Each time you hear the words “missing child” in the news, the memory about horrific details of unsolved crimes you read years ago in newspapers is refreshed.
Suddenly you remember everything very clearly, and the worry that another similar heinous rape and killing could happen again creeps the spine.
A child can go missing for various reasons; the child may be lost or injured and could not find a way home, a victim of abduction or abandonment, runaway, or murdered.
Regardless of the reason, however, every child deserves the safety and security of being a protective adult. Alone out there among strangers, desperately vulnerable kids are easily exposed to all sorts of dangers.
When Asha Degree disappeared from home more than 20 years ago, many people thought she ran away, for she needed some time alone to cope with the disappointment over a defeat in a basketball game and that the little girl would return to her parents soon.
Hours turned into days, then days into weeks, months, and years. She never went home. Every lead has been investigated to no avail. Asha Degree is still missing.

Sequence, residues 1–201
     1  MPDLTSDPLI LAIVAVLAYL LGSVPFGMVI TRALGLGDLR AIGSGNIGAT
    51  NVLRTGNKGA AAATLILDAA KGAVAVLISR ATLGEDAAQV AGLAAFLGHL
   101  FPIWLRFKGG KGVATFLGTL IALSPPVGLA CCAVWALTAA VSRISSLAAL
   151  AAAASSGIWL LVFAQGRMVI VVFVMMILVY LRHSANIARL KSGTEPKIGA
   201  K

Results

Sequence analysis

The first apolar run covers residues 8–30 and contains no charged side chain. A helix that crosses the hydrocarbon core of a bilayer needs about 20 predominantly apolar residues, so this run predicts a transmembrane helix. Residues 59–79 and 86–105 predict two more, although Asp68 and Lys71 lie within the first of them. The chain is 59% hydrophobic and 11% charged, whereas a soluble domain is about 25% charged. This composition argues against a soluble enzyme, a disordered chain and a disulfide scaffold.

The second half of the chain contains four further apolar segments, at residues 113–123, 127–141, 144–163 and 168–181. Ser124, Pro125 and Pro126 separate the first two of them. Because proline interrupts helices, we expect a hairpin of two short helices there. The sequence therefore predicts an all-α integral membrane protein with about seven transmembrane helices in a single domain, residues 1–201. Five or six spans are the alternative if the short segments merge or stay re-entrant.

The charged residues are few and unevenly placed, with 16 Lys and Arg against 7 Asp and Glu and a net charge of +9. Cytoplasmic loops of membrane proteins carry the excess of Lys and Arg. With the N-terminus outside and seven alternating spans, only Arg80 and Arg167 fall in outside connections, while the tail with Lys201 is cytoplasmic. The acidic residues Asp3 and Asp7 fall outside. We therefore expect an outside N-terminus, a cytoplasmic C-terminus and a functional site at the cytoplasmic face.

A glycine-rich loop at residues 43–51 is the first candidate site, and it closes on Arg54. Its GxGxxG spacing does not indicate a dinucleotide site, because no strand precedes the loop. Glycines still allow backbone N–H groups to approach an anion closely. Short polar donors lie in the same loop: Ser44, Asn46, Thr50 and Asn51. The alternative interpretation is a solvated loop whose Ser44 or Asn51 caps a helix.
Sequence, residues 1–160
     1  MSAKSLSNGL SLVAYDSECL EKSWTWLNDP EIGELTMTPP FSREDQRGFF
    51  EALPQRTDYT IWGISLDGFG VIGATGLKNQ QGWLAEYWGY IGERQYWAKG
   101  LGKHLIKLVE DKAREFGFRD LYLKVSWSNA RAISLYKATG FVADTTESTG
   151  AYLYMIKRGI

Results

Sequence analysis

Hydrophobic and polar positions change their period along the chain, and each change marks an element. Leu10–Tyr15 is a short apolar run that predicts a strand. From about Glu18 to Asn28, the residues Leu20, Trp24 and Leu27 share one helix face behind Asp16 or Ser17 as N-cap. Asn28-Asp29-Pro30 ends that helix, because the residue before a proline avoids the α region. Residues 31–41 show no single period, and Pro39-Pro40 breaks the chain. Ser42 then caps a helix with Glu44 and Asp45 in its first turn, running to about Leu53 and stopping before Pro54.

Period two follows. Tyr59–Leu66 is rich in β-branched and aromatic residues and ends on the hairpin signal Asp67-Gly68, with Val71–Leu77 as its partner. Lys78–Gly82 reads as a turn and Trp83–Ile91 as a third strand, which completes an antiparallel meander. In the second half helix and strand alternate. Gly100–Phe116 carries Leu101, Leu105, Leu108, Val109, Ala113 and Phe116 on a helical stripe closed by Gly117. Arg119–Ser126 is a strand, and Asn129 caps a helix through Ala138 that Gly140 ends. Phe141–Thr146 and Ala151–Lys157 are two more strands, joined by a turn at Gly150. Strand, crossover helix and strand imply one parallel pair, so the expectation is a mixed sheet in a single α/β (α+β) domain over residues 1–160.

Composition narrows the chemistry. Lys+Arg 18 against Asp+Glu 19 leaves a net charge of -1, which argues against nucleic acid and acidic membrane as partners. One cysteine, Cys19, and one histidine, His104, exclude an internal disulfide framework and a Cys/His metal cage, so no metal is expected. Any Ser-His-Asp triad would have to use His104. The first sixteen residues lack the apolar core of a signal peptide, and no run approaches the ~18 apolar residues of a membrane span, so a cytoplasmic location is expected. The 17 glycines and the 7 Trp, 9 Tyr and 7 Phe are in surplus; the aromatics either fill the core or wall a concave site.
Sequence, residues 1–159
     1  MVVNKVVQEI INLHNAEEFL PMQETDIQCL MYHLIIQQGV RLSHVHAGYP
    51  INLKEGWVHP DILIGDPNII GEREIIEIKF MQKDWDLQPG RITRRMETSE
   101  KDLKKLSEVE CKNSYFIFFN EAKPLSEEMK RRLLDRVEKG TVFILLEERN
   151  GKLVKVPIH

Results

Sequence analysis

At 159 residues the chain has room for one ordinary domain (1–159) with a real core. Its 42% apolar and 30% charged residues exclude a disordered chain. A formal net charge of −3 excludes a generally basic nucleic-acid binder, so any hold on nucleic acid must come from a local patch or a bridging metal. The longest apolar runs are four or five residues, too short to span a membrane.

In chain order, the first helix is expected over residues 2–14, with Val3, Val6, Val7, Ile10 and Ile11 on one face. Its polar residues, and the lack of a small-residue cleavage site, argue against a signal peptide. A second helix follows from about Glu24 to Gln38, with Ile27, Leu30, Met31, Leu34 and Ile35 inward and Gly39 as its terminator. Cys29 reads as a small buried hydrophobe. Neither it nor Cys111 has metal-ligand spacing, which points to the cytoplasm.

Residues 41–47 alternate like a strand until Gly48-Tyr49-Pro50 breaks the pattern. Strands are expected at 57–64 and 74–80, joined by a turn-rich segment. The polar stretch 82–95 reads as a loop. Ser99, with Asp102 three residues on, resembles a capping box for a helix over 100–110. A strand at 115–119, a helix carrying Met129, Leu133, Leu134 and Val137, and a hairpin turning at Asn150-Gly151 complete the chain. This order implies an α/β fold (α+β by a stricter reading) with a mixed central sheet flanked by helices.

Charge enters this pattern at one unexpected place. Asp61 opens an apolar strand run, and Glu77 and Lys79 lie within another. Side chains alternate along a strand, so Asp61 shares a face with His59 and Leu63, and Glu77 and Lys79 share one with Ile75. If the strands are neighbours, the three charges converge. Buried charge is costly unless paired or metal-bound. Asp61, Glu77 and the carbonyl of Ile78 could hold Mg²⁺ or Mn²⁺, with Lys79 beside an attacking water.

10 /10 My Daughter Is Alive
In the early hours of Valentine’s Day 2000, a 9-year-old Asha Degree disappeared without much of a trace.
The disappearance of the fourth-grader sent a shockwave all across her rural community of Shelby, and until today remains a mystery.
The police, the FBI, and her family have been on the search for clues ever since. Her mother, Iquilla Degree, still believes Asha is alive even after more than 20 years of not knowing her daughter’s whereabouts.
The mother maintains that no 9-year-old could disappear into thin air without somebody out there knowing something.
9 /10 Local Person Of Interest
As of today, the case remains an open investigation. Local detectives are still receiving and reviewing leads.
FBI investigators from the Charlotte Field Office routinely revisit case files in the hope of finding plausible hints, new angles, or previously unseen patterns.
Although not proven, investigators think someone in the local area holds the key to unlock the case.
Cleveland County Sheriff’s Office Detective, Tim Adams, came out of retirement in 2014 to take the lead in the department’s probe of the case.